Incorrect: The AAD Connect tool currently does not support multi-forest environments. This feature is on the roadmap for the tool though.
D.
Incorrect: The Synchronization Service Manager is a FIM client that can be used to
monitor synchronization events.
Objective 5.2: Thought experiment
1.
You should add the SaaS application to the Contoso Azure Active Directory using the
management portal. In the applications page for the Contoso directory, you can add
an application from the application gallery simply by selecting it in the application gallery. The management portal then guides you through the steps necessary to configure the application.
2.
You should configure single sign-on using the Windows Azure AD Single Sign-On
option in the wizard used to configure SSO. This establishes federation between
Contoso’s Azure Active Directory and the SaaS application. Another alternative would
be to use the Existing Single Sign-On option. However, this would only be advisable if
Contoso already had Active Directory Federation Services installed and configured in
their on-premises environment.
Objective 5.2: Review
1.
2.
Correct answers: C and D
A.
Incorrect: The management portal is where co-administrators of an Azure subscription can provision resources.
B.
Incorrect: The Active Directory Portal is where global administrators can manage
users and is often used by administrators of Office 365 subscriptions.
C.
Correct: The Access Panel is where users can see and launch applications they
have been assigned access to.
D.
Correct: The My Apps application from the Apple App Store can be used for users
of iOS 7 devices.
Correct answers: A,B, and D
A.
Correct: Mobile phone is a valid contact method and can be configured to receive
a text message or a phone call.
B.
Correct: Office phone is a valid contact method.
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3.
4.
C.
Incorrect: Email is not a valid contact method when configuring Multi-Factor
Authentication. It is used in the first leg of authentication though when authenticating using a username and password.
D.
Correct: Mobile application is a valid contact method. When choosing this option,
you are prompted to download the application to a device and activate it using a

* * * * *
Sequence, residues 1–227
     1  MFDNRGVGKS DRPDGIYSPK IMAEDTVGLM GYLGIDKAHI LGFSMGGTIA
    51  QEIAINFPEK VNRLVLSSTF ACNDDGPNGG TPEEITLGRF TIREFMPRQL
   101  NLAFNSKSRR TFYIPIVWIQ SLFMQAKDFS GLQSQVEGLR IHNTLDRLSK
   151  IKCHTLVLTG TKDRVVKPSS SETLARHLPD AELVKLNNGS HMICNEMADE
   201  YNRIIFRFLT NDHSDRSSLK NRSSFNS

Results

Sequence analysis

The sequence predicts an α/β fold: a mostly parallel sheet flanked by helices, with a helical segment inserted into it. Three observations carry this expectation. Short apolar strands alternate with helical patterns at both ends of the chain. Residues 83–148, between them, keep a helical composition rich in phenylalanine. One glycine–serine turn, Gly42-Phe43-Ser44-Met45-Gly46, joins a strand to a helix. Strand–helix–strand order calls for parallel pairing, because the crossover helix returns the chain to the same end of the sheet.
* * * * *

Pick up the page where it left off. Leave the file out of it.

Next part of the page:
passcode provided. The supported device types are Windows Phone, Android, and
iOS devices.
Correct answers: B and D
A.
Incorrect: Automatic user provisioning is used to provision user accounts in the
SaaS application because users are provisioned in Azure Active Directory.
B.
Correct: Password-based single sign-on uses the user’s credentials with the SaaS
application to authenticate.
C.
Incorrect: Active Directory Federation Services can be a token provider in a single
sign-on configuration, but it is not one of the single sign-on modes.
D.
Correct: Federation-based single sign-on uses the user’s credentials in Active
Directory to authenticate when accessing the SaaS application.
Correct answer: A
A.
Correct: The URL https://myapps.microsoft.com is the URL for the Access Panel.
B.
Incorrect: The URL https://poral.azure.com is the URL for the management portal.
C.
Incorrect: The URL http://azure.microsoft.com/en-us/marketplace/active-directory
is the URL for the Azure Active Directory applications gallery.
D.
Incorrect: The URL https://account.windowsazure.com/organization is the URL to
sign up for an Azure Subscription as an organization rather than as an individual.
Objective 5.3: Thought experiment
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1.
Use the management portal to add the application to Azure Active Directory. In the applications page of the management portal, click the Add button to start the Add Application
Wizard. Add the web application using the type web application and/or web API. Repeat
this for the web service so that you have two applications registered in Azure Active
Directory. Provide the development team with the application endpoints for your Azure
Active Directory and the application ID URI and reply URL for both applications.
2.
The web service will need to be exposed such that the web application can be configured to access it on behalf of the signed-in user, which can be done by adding the
oauth2Permissions configuration to the application manifest for the web service.
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3.